5. The franchisor provides the franchisee with a range of services which are calculated to ensure, that the franchisee will enjoy the same or a greater degree of success as the franchisor has achieved. These services will include:

How to Gain Competitive Advantage in the Restaurant Business




by Stan Mack


Te you will have trouble standing out from the crowd. Gaining a competitive edge requires a detailed analysis of the demographics of the surrounding area and the nature of existing competitors. And even if you are successful at first, new competitors could enter your market at any time to steal your clients. Don’t hesitate to adopt successful strategies from your competitors, but understand that directly competing with an entrenched rival is a bad idea for a beginning restaurateur.


Step 1

Find an area with few competitors that serve food similar to yours. Pizza places, for example, face enough competition from other types of restaurants without having to fight each other.


Step 2

Che restaurant industry is highly competitive. Unless you have a star chef or a novel cuisine, chances arhoose a highly visible location that has a suitable consumer base nearby. For example, don’t open a family restaurant in an area full of office complexes. A residential area with a high percentage of families with young children would offer more potential clients, especially if there are relatively few local restaurants currently serving that demographic.


Step 3

Analyze the local competition after you’ve chosen a location. Chances are any region you choose will have at least a few competitors who target the same consumers. Other restaurants are obvious rivals, but supermarkets, convenience stores and any other businesses that sell prepared food are also competitors.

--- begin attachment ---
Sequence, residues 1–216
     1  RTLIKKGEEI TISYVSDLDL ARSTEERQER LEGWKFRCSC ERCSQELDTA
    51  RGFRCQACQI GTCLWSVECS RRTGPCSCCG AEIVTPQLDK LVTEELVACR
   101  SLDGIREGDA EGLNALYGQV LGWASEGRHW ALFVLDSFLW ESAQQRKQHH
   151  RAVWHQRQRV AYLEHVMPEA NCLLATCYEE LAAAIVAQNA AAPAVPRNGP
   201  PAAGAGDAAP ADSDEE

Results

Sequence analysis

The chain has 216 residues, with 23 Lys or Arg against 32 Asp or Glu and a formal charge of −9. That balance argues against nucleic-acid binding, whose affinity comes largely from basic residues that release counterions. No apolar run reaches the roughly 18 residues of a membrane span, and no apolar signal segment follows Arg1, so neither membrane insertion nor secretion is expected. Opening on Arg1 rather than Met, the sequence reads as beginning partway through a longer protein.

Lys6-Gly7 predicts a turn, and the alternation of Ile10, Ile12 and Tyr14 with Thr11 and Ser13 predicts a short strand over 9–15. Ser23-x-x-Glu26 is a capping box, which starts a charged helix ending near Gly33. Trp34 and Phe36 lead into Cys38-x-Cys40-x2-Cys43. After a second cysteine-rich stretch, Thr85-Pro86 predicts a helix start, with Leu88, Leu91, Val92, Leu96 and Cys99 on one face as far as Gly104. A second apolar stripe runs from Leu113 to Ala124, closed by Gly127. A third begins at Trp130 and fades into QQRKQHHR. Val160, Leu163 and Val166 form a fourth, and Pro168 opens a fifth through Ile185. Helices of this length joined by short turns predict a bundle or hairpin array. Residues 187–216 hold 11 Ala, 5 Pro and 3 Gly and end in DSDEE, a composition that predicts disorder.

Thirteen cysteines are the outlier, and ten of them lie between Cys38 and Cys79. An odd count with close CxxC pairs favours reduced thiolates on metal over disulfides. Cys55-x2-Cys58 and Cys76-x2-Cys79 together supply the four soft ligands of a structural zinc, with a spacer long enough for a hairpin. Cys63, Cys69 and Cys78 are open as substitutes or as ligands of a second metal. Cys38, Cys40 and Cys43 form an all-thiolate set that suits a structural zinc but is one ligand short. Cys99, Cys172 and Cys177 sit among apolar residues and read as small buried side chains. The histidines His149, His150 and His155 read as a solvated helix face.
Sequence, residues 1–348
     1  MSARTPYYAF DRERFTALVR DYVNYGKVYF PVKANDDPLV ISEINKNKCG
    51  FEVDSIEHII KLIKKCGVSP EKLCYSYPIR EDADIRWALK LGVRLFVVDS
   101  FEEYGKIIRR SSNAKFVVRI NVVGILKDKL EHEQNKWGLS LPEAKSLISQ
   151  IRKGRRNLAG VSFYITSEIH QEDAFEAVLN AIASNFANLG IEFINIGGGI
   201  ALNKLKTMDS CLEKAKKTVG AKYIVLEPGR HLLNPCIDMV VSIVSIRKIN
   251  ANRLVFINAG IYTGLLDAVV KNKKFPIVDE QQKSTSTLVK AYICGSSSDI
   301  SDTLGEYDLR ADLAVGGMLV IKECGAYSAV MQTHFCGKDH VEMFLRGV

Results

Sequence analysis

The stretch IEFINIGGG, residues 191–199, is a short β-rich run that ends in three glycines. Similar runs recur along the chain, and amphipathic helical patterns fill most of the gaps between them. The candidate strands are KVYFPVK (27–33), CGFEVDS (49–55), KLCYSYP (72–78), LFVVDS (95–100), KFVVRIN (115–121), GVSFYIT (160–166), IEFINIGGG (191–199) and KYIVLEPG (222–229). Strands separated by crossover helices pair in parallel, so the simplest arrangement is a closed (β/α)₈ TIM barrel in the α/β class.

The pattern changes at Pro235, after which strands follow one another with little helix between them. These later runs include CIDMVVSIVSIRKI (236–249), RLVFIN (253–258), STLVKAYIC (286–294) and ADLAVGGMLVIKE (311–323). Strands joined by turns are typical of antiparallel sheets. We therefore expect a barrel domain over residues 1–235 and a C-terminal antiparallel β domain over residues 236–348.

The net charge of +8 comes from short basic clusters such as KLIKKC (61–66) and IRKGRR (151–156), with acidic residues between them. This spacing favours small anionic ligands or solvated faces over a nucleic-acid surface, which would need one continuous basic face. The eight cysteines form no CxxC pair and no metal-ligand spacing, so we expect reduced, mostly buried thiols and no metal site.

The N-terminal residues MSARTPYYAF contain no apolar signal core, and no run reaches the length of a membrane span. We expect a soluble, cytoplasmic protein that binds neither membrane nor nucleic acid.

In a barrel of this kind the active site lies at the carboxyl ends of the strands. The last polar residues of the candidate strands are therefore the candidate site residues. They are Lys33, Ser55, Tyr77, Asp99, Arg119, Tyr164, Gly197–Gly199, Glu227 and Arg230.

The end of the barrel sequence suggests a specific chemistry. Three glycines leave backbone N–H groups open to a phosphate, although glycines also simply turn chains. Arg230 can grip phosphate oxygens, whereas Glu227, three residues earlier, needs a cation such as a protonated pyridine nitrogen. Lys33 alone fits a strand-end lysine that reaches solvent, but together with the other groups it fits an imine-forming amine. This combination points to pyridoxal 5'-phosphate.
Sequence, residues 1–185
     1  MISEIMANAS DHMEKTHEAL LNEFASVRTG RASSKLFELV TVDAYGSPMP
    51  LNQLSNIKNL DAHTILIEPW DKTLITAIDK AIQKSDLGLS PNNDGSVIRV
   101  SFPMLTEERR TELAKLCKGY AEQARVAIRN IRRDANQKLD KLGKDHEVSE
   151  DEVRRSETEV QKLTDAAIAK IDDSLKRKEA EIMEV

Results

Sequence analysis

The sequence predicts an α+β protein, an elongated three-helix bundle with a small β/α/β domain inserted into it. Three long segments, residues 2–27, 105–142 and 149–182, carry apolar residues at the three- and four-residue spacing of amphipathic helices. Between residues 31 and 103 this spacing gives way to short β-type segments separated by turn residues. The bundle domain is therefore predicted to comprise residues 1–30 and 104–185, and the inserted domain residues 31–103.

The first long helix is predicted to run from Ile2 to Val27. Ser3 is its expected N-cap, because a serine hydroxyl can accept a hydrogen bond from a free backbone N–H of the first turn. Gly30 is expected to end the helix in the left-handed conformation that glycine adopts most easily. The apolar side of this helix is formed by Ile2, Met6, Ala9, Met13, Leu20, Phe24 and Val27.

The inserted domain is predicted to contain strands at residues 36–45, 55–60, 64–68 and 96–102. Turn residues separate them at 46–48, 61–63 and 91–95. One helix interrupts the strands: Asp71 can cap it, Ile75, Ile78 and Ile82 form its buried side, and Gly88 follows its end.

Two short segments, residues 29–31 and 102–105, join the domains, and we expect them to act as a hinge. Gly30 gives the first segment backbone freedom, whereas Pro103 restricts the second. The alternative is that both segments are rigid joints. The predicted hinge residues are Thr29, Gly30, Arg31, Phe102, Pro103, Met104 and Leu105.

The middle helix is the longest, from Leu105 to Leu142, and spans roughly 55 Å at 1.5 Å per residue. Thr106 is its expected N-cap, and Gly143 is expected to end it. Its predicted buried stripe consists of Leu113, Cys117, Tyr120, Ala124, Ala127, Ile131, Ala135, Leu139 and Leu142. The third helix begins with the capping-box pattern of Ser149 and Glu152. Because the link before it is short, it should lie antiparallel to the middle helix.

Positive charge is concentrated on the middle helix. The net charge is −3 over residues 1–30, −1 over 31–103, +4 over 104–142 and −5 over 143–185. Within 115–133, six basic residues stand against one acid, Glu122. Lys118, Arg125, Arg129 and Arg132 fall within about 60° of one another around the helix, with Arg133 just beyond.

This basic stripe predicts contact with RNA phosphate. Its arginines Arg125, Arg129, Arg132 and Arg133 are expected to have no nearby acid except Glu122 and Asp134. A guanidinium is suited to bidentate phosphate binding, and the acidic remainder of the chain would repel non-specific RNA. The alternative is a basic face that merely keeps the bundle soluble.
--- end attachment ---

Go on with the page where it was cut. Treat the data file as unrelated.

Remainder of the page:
Step 4

Identify the strengths of each competitor. For example, a supermarket’s ready-to-eat meals are

An Overview of Different Restaurant Types


author: Monica Parpal 



There are many different restaurant types out there. New restaurants open all the time, and concepts vary from pizza chains to fine sushi restaurants to breakfast cafes and even restaurants that specialize in peanut butter and jelly sandwiches. Despite the broad range of restaurant concepts, most are classified by one of three major restaurant types, including full-service, fast-casual and quick-service. This article details the challenges and opportunities operators face within each restaurant type.

Full-Service Restaurants
Full-service restaurants encapsulate the old-fashioned idea of going out to eat. These restaurants invite guests to be seated at tables, while servers take their full order and serve food and drink. Full-service restaurants are typically either fine dining establishments or casual eateries, and in addition to kitchen staff, they almost always employ hosts or hostesses, servers and bartenders. Two standard types of full-service operations include fine dining and casual dining restaurants, discussed below.
Fine Dining
Fine dining restaurants top the ladder when it comes to service and quality. Fine dining restaurants usually gain perceived value with unique and beautiful décor, renowned chefs and special dishes. Listed below are some of the features, challenges and advantages of running a fine dining restaurant.
  • Prices. Prices for entrées are often $20 or more.
  • Service style. Service style for fine dining restaurants is top-notch. Well-trained and experienced servers and sommeliers attend guests, providing excellent knowledge of food and wines.
  • Atmosphere. The atmosphere in a fine dining establishment is one of the keys to its perceived value. The lights need to soften the mood, the music should reflect the concept yet not overpower the guests' conversations, and the décor should add an elegant and unique perspective. Fine dining establishments strive to create an overall exceptional dining experience for guests.